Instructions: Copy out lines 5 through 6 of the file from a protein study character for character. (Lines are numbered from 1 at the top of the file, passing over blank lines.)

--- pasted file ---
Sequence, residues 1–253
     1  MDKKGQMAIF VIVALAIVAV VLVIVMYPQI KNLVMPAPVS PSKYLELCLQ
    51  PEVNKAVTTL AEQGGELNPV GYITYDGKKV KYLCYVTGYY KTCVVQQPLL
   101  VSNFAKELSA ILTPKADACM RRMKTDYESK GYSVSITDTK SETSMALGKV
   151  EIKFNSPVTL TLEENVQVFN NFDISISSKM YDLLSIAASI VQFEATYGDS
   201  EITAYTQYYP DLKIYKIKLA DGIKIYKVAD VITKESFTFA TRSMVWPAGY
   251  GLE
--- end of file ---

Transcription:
   151  EIKFNSPVTL TLEENVQVFN NFDISISSKM YDLLSIAASI VQFEATYGDS
   201  EITAYTQYYP DLKIYKIKLA DGIKIYKVAD VITKESFTFA TRSMVWPAGY